Standing Silent Nation
Please note: This content is only available at WGBH and the Library of Congress. For information about on location research, click here.
If you have more information about this item than what is given here, we want to know! Contact us, indicating the AAPB ID (cpb-aacip/508-4t6f18t131).
- Standing Silent Nation
- Contributing Organization
- Vision Maker Media (Lincoln, Nebraska)
- AAPB ID
- VMM Inventory #
- What does a family have to endure to create a future for itself? In April 2000, Alex White Plume and his Lakota family planted industrial hemp on the Pine Ridge Reservation in South Dakota after other crops had failed. They put their hopes for a sustainable economy in hemp's hardiness and a booming worldwide demand for its many products, from clothing to food. Although growing hemp, a relative of marijuana, was banned in the U.S., Alex believed that tribal sovereignty, along with hemp's non-psychoactive properties, would protect him. But when federal agents raided the White Plumes' fields, the Lakota Nation was swept into a Byzantine struggle over tribal sovereignty, economic rights and common sense.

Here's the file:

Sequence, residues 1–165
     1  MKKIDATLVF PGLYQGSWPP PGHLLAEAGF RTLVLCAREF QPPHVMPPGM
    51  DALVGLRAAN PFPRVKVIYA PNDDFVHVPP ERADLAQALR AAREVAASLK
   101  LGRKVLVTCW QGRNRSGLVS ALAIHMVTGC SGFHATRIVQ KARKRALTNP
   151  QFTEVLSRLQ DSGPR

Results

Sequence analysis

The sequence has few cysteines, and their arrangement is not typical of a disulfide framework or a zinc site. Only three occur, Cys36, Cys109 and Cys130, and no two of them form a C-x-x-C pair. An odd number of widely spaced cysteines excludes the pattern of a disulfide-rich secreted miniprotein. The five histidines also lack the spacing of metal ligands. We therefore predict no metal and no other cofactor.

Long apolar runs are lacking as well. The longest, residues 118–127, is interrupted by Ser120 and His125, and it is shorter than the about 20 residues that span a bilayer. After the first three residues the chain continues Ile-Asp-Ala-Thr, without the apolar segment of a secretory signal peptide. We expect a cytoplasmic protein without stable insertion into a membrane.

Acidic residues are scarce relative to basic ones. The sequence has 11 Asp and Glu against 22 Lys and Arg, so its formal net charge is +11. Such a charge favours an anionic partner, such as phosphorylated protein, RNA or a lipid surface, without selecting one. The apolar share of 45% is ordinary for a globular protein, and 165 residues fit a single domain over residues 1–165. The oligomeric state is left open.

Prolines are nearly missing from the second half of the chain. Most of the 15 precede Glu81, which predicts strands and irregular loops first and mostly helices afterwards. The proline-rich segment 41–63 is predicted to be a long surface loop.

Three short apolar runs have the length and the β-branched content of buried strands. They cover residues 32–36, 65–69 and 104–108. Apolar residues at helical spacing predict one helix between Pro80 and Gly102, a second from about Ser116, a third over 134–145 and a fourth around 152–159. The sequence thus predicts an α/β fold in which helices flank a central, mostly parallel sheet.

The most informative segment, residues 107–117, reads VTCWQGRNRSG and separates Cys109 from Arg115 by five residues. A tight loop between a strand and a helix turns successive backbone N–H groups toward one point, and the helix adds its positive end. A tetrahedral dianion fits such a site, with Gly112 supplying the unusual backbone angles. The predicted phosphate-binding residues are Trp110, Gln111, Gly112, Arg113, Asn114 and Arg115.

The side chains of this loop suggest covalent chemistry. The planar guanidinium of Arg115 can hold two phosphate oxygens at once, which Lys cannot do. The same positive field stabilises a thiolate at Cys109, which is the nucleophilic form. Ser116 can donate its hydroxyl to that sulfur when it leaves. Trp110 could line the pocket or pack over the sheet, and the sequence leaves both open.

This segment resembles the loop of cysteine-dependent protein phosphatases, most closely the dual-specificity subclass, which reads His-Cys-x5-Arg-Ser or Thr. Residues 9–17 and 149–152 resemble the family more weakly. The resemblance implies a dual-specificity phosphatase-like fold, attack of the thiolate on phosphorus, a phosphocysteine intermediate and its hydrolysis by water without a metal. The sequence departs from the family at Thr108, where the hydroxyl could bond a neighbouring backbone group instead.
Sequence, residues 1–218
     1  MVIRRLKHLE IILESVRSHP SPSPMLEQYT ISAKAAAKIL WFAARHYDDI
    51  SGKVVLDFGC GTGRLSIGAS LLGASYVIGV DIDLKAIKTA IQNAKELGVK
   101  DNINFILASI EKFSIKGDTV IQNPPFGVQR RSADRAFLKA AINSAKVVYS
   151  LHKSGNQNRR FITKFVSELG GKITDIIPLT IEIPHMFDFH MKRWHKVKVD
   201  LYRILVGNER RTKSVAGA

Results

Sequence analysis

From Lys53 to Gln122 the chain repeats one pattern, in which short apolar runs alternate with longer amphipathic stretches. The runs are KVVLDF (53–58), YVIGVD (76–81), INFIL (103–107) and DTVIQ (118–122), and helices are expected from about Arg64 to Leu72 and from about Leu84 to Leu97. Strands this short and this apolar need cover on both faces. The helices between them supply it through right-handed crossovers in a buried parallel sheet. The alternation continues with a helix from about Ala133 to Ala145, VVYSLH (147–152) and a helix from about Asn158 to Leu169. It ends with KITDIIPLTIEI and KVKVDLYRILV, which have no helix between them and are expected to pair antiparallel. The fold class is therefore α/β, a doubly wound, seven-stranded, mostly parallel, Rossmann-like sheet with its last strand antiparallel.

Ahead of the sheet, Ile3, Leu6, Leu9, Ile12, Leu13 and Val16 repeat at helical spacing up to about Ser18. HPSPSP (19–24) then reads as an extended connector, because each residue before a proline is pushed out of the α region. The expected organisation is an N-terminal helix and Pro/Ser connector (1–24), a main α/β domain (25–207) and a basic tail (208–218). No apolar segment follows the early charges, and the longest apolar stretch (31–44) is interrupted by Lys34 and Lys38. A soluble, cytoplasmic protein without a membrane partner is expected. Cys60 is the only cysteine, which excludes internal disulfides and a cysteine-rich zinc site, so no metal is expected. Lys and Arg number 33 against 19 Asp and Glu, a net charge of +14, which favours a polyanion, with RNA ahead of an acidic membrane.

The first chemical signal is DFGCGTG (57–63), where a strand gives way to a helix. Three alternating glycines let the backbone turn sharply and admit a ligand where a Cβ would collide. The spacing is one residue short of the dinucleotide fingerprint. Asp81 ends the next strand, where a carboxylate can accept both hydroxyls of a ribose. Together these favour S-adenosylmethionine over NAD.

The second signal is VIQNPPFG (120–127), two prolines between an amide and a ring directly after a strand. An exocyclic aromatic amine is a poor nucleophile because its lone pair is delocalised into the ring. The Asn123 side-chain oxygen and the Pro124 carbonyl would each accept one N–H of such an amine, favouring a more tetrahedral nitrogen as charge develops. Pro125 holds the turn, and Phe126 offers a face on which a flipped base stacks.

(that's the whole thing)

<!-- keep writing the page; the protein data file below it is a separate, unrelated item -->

- Asset type
- Hermann, Courtney, Producer
- Media type
- Moving Image
- Chicago: “Standing Silent Nation,” Vision Maker Media, American Archive of Public Broadcasting (WGBH and the Library of Congress), Boston, MA and Washington, DC, accessed May 28, 2018, http://americanarchive.org/catalog/cpb-aacip_508-4t6f18t131.
- MLA: “Standing Silent Nation.” Vision Maker Media, American Archive of Public Broadcasting (WGBH and the Library of Congress), Boston, MA and Washington, DC. Web. May 28, 2018. <http://americanarchive.org/catalog/cpb-aacip_508-4t6f18t131>.
- APA: Standing Silent Nation. Boston, MA: Vision Maker Media, American Archive of Public Broadcasting (WGBH and the Library of Congress), Boston, MA and Washington, DC. Retrieved from http://americanarchive.org/catalog/cpb-aacip_508-4t6f18t131